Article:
Oct 18, 2011

Scala macros: status update and call for feedback

My today's talk at the Scala meeting was about concrete ideas of bringing the notions of compile-time metaprogramming to Scala. The slides covers such fancy beasts as macro defs, macro types and even macro annotations. This is highly experimental and, definitely, not everything will make it into a Scala improvement proposal, but take a look and share your thoughts: https://raw.github.com/xeno-by/kepler/master/papers/2011-10-18-WhatsUp.pdf.

During this month I've received a lot of very useful feedback. Say, Chris and Stefan want to experiment with LINQ-flavored facilities for Scala. They need reification, composability of queries, static checking/optimization of queries and transparency for the user. After a couple of discussions, we've come up with several ways of doing all that stuff with macros in a win-win fashion.

Also, for instance, Greg and Nada routinely have to bite the bullet and deal with gazillions of overloads that cover all those countless FunctionN and TupleN classes for their Scala to JavaScript crosscompiler. No problem, macros come to the rescue. After a brainstorming session, the draft of the proposal now features a way to generate tedious code with macros.

I'm hinting that at this very phase your feedback is priceless and has the possibility to significantly affect the design of Scala's macro system. Got a compelling use-case that can be simplified by macros? Just drop me a line in the comments here or to my email (see my profile or google for my name). I don't even have a beta version of macro-related Scala improvement proposal yet, so it would be very use to adapt macros to your personal use-cases. Looking forward to your comments!


  1. I wonder if we can't take a page out of String Interpolation's SID and use escaped curly braces for splicing. We can make them nestable, like in XML, though that might become a bit confusing if anyone ever uses more than two levels.

    The LINQ example would then become:

    class Queryable[T, Repr](query: Query) {
    macro def filter(p: T => Boolean): Repr = \{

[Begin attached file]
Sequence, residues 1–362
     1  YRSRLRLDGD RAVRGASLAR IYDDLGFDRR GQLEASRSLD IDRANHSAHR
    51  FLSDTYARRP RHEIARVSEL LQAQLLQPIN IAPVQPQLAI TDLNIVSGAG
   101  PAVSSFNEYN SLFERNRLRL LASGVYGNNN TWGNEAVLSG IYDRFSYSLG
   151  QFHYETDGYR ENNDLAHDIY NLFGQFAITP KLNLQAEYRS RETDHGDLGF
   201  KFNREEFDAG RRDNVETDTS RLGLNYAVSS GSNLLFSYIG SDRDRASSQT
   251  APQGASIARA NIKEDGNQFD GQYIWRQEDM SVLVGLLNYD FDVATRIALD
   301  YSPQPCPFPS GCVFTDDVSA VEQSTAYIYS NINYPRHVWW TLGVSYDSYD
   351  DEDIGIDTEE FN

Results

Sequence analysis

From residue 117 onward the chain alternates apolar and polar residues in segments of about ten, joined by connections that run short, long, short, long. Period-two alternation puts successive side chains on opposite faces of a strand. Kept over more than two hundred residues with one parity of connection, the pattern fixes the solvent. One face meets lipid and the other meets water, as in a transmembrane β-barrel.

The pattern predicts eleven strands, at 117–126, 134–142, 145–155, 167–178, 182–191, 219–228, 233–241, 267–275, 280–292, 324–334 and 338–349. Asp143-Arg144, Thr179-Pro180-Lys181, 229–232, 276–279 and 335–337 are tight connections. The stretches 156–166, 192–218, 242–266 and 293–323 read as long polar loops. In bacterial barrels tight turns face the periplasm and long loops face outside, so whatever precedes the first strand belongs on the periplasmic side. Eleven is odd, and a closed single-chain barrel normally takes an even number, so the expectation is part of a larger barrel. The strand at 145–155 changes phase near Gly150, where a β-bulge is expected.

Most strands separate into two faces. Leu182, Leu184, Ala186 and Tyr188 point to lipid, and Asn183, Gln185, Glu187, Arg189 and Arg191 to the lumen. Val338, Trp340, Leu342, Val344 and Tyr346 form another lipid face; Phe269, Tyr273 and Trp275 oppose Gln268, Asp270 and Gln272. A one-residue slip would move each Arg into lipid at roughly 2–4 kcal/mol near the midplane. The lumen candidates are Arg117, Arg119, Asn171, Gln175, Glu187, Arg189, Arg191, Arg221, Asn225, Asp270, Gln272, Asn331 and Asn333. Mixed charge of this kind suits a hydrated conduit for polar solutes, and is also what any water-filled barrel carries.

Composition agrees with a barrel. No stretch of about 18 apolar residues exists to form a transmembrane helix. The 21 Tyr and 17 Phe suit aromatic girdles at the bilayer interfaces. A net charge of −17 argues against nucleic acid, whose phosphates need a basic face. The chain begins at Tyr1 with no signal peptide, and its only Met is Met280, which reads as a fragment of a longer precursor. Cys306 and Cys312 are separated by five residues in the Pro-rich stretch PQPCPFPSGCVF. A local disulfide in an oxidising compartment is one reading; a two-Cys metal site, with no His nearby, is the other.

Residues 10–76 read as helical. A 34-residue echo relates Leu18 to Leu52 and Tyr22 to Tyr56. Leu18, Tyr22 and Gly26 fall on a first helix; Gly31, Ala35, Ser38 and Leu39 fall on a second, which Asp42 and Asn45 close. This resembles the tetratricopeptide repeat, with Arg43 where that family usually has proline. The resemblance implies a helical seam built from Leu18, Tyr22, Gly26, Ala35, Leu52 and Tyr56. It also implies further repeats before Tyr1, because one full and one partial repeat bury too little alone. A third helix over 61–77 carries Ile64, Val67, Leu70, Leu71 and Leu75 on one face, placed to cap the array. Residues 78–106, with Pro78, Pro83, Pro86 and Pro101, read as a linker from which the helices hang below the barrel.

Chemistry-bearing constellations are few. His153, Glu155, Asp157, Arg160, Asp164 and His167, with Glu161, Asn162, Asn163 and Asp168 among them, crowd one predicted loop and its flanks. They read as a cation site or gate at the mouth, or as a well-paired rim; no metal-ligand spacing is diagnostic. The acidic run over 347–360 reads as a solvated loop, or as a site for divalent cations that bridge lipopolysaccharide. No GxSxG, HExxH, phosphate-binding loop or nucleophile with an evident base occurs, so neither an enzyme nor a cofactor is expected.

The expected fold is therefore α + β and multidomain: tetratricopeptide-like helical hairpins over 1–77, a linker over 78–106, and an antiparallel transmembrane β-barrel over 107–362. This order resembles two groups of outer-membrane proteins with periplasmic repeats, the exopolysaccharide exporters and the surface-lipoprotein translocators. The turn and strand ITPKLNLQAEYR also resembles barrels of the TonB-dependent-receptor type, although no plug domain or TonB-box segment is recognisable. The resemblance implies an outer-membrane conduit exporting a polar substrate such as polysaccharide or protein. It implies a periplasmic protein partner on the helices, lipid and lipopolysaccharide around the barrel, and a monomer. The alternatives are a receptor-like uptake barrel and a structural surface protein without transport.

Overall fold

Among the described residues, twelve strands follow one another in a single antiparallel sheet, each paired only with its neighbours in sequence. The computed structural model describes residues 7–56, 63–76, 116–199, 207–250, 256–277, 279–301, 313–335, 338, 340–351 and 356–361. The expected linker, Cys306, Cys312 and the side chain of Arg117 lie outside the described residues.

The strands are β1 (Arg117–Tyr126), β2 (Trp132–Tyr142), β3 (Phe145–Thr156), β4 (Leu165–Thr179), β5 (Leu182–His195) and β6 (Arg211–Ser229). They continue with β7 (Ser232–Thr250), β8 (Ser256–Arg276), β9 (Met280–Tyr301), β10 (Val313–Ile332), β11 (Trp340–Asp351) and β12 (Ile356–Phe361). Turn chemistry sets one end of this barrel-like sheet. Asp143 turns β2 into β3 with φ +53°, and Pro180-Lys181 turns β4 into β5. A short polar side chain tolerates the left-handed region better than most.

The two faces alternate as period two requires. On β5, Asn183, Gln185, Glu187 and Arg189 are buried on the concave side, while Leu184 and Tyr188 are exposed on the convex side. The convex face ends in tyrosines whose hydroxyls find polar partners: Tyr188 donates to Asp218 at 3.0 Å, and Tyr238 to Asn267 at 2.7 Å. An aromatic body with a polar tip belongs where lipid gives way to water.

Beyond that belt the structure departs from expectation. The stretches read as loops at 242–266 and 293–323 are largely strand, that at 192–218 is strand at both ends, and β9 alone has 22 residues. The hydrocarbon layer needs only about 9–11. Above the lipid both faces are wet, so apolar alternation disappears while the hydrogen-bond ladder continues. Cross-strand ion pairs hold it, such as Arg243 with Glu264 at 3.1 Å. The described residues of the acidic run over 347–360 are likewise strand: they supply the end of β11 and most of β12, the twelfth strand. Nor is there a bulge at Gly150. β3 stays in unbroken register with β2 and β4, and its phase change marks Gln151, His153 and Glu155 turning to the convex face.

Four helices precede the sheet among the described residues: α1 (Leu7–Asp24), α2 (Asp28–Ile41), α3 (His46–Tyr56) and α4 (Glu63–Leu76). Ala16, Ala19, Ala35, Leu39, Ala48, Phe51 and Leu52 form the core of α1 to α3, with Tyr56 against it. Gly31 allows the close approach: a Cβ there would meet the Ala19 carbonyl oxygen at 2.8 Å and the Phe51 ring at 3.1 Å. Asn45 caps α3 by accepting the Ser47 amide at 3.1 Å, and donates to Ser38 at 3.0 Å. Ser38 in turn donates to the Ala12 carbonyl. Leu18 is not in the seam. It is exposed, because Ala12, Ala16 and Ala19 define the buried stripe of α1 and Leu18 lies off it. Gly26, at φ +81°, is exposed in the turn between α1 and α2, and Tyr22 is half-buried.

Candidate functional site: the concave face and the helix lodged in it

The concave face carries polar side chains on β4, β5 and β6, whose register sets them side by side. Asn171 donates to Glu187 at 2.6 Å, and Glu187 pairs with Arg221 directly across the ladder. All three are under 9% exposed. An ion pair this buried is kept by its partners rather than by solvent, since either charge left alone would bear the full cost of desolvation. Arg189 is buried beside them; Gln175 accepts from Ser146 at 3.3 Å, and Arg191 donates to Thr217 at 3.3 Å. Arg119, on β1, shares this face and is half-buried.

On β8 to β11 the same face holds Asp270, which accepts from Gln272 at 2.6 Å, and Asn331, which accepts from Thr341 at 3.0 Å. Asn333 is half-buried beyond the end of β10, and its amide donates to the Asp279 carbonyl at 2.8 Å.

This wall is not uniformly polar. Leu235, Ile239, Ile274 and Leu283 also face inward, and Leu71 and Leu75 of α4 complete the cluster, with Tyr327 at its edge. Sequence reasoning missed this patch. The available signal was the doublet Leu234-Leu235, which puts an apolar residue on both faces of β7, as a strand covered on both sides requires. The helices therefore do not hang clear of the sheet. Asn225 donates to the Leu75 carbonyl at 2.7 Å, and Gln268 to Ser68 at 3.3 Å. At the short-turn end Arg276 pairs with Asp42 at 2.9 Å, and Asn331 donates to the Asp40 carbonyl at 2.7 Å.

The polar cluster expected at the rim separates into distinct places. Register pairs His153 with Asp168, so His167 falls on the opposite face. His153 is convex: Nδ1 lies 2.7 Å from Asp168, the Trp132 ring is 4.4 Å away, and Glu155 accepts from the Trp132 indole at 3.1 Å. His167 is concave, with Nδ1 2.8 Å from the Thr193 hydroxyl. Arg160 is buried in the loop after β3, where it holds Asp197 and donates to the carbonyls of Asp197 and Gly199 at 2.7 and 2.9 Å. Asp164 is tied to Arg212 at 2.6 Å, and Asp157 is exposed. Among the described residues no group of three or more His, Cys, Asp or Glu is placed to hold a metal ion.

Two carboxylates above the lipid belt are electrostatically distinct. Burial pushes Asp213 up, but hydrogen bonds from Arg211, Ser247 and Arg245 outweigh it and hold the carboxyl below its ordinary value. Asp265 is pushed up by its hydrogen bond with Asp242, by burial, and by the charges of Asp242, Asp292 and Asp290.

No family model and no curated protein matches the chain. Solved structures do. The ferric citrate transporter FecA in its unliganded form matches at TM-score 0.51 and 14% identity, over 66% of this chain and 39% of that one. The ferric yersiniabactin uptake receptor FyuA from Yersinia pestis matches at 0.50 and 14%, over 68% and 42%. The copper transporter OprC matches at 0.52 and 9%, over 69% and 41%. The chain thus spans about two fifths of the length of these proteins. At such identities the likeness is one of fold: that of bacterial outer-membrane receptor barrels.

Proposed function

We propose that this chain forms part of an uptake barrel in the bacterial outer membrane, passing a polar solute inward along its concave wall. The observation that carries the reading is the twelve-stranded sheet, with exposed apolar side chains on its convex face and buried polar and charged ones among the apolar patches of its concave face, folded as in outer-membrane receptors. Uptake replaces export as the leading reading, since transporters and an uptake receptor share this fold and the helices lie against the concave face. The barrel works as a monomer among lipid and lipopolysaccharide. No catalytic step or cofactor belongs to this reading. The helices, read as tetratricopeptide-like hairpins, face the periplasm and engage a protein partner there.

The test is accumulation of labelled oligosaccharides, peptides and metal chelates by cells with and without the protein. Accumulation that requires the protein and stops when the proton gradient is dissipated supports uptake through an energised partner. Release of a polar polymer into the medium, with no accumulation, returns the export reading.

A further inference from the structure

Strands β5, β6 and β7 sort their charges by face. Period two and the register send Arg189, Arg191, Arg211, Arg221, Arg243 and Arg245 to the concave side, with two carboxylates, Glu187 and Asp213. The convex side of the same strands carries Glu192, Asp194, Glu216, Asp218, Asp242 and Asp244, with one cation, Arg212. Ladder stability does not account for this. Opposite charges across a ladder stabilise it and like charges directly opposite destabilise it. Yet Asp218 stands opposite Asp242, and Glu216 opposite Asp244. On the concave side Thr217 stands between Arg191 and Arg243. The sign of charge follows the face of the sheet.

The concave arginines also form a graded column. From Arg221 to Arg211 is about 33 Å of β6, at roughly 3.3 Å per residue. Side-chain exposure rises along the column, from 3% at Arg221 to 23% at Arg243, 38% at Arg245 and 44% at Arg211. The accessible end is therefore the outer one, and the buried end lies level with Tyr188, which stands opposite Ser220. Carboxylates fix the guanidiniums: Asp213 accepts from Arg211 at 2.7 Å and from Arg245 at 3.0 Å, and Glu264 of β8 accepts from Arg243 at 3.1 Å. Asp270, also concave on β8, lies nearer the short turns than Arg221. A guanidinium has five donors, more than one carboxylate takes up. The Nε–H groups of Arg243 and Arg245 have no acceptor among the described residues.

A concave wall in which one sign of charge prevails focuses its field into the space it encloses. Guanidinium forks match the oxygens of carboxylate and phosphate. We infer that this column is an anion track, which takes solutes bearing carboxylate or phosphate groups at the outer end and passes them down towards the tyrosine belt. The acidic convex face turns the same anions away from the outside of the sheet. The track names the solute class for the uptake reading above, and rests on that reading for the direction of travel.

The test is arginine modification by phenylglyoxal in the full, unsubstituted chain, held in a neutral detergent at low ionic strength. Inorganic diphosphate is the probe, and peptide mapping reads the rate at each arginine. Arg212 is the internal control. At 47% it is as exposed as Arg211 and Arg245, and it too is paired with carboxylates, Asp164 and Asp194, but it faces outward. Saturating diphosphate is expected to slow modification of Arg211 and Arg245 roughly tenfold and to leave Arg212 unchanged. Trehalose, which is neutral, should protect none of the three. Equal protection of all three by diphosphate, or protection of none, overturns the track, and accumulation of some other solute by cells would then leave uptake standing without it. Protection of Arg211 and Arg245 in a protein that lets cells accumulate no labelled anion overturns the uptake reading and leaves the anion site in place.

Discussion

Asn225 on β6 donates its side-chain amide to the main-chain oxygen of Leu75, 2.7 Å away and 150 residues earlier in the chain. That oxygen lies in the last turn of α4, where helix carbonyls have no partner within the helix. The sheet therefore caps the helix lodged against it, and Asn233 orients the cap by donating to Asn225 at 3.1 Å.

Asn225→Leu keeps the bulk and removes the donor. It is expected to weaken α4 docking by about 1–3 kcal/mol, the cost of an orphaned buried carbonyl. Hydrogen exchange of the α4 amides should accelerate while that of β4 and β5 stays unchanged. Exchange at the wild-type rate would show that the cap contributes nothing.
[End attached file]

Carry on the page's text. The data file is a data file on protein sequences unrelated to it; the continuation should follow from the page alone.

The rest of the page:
val b = \{this.newBuilder}
    b.query = Filter(\{this.query}, \{reify(p)})

    At least, if I got the meaning of "$" right.

  2. @Daniel. Yeah, quasi-quotations and string interpolation have a fundamental connection. Actually, my long-term plans involve generalizing QQ's to embrace arbitrary syntaxes (but with all the good stuff of splicing, pattern-matching on splices and having an AST representation for those syntaxes). This will subsume and generalize string interpolation syntax. Here's the paper that inspired me for that: Why It's Nice to be Quoted: Quasiquoting for Haskell.

    These are very long-standing plans, so, in order to have a consistent solution before generalized QQ's are implemented, Martin and I have been discussing how to meld our approaches to QQ's and interpolation. So far we haven't come up with a definitive answer, but the discussion steadily progresses.

  3. can you please comment on my use case:



  4. Any chance to cover Units of Measurements? Either comparable to metascala or more like F#?

  5. @Andrei http://groups.google.com/group/scala-user/msg/2bfcb013d335a2e6

  6. @soc Macro types won't be able to alter syntax or change the type system, but they will be able to assist with generation of boilerplate classes and operations.

    I'm not proficient in F#, but it seems to me that it is possible to implement at least basic functionality of units of measure with the help of macro types.

    One of the examples of UoM in F# looks as follows:
    let gravityOnEarth = 9.81
    let heightOfMyOfficeWindow = 3.5
    let speedOfImpact = sqrt(2.0 * gravityOnEarth * heightOfMyOfficeWindow)

    With current version of macro proposal (that might change before the release) one would be able to write code like that:
    val gravityOnEarth = u(9.81, "m/s^2")
    val heightOfMyOfficeWindow = u(3.5, "m")
    val speedOfImpact = sqrt(2.0 * gravityOnEarth * heightOfMyOfficeWindow)

    "u" is a macro def that takes a number and wraps it in a macro type that depends on the unit of measurement passed. That macro type hosts all necessary stuff that overloads relevant operations (arithmetic, math._ stuff, so on). These operations upon units of measurements would themselves be macros that produce new types as necessary.

    At a glance, this looks like a workable solution, but, of course, it will be possible to fully assess the feasibility of this idea only when we have an implementation that can be used for tests

  7. @Eugene : RE : http://groups.google.com/group/scala-user/msg/2bfcb013d335a2e6

    thanks for the response!

    do you by chance have a working example somewhere on github? :-)

  8. Unfortunately, no - I think it's going to take a while before I have anything to show.